As part of my recent convalescence, I had the privilege to attend Oregon’s Gathering of the Eagles event at the bucolic Ames Ranch, which featured Herman Cain as its main speaker. Besides his stem-winding speeches which drew the rapt attention of the audience, I was able to spend a few minutes in personal conversation with the gentleman, and he is as impressive in a quiet one-on-one setting as he is on the stump. I won’t elaborate on the particulars of his speech or his responses to questions from the audience, but he is one of the rare breed of politician who actually addresses a topic specifically. It was good to hear his views of a few days ago, as he has refined and expanded his answers in several areas.
My purpose here is to register my delight that, on the topic of retirement accounts to address the solvency of the Social Security system, he brought up the Chile Plan. He is the first politician I’ve heard to mention it since George W Bush, during his attempt to incorporate Chile into NAFTA as a result of that country’s miraculous economic turnaround. This is a brief explanation of the plan by José Piñera, Chile’s former Secretary of Labour and Social Security, writing in 2004, and a few excerpts are worth noting:
Chile's Social Security Reform Act of 1980 allowed current workers to opt out of the government-run pension system financed by a payroll tax and instead contribute to a personal retirement account. What determines those workers' retirement benefit is the amount of money accumulated in their personal account during their working years. Neither the workers nor the employers pay a payroll tax. Nor do these workers collect a government-financed benefit. Instead, 10 percent of their pretax wage is deposited monthly into a personal account.
Workers may voluntarily contribute up to an additional 10 percent a month in pretax wages. The invested amounts grow tax-free, and the workers pay tax on this money only when they withdraw it for retirement. . . .
Workers may choose any one of several competing private pension fund companies to manage their accounts. Those companies can engage in no other activities and are subject to strict supervision by a government agency. Older workers have to own mutual funds concentrated in short-term fixed-income securities, while young workers can have most of their funds in stocks. The law encourages a diversified portfolio, with no obligation to invest in government bonds or any other security. . . .
The article is detailed and very readable. If you have any interest in retirement whatsoever, particularly as it regards Social Security and the still-looming crisis in that department, then read the whole thing.Since the system started on May 1, 1981, the average real return on the personal accounts has been 10 percent a year. The pension funds have now accumulated resources equivalent to 70 percent of gross domestic product, a pool of savings that has helped finance economic growth and spurred the development of liquid long-term domestic capital market.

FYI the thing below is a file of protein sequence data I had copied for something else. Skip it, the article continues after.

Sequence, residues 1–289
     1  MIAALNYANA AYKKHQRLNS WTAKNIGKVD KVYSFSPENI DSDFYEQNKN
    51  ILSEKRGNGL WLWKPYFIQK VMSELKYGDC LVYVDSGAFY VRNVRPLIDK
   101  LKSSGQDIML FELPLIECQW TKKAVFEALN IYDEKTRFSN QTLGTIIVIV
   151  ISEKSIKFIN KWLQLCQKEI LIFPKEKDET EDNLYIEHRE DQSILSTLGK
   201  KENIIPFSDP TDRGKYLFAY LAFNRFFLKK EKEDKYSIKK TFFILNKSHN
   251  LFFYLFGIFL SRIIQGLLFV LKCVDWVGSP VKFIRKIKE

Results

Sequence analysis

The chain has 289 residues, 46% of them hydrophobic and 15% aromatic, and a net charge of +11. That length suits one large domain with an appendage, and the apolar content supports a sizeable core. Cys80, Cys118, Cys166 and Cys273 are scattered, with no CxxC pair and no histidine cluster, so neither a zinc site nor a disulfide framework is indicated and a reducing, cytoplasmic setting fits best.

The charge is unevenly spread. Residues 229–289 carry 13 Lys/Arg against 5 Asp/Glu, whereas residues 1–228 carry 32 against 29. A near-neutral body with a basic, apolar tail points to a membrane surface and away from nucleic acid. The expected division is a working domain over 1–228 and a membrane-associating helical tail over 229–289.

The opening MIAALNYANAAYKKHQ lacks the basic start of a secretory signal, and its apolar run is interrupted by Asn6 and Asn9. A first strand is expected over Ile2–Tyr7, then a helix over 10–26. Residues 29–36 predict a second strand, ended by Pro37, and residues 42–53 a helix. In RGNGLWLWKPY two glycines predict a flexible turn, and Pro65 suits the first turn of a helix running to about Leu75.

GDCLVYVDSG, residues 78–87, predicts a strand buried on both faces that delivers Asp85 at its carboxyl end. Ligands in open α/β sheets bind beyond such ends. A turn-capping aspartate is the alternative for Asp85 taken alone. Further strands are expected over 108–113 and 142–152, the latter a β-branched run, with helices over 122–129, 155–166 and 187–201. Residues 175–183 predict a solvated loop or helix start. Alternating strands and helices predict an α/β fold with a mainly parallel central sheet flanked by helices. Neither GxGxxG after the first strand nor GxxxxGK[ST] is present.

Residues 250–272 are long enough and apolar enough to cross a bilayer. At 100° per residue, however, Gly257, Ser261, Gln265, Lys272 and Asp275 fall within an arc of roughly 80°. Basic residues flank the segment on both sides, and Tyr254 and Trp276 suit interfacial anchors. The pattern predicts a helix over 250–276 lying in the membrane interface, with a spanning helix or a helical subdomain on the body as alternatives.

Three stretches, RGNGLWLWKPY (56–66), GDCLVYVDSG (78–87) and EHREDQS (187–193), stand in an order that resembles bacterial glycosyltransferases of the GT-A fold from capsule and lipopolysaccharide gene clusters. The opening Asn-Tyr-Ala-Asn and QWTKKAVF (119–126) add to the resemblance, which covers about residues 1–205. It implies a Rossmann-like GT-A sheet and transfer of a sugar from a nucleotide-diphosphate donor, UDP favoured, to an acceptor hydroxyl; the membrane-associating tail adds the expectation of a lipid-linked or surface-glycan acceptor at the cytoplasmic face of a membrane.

Since that time, similar plans have been implemented in Australia to similar initial success.
Privatization has been a huge success in Australia: Workers will be able to retire with higher incomes, the government has significantly reduced long-term budget pressures, and the economy will benefit by a dramatic increase in savings. Like other nations around the world, Australia recognized in the 1980s that replacing the government's tax-and-transfer old-age retirement scheme with a private retirement system based on mandatory savings was a win-win proposition. Because Australia is in many ways politically and demographically similar to the United States, American policymakers would be well advised to learn the lessons of Australia's successful reforms.
A plan is slowly getting started in the UK despite strong political opposition, now that the British have received permission from the European Commission.
My sainted brother has had opportunities to visit Chile in the last several years (yes, this is an anecdote, but germane) and finds that the populace are wildly enthusiastic about the plan, not least because of its great success. Perhaps if the press here were to give the subject greater shrift, it would be possible for the American public to better judge, but I dare not hold my breath in anticipation of the MSM's equanimity. We have to rely on Mr Cain to carry that fire for now.
Mr Cain is well aware of the ‘privitisation’ campaign waged against the idea by the Democrats during the Bush tenure, and calls his plan a matter of ‘personalisation’ instead. Those of you regular readers undoubtedly recognize that my interest lies primarily with the possibility that Rick Perry might run, and I feel that Mr Cain’s chances for the nomination are less than likely, but he is a dynamic contender with dynamic ideas, and the conservatives need to hear more from him.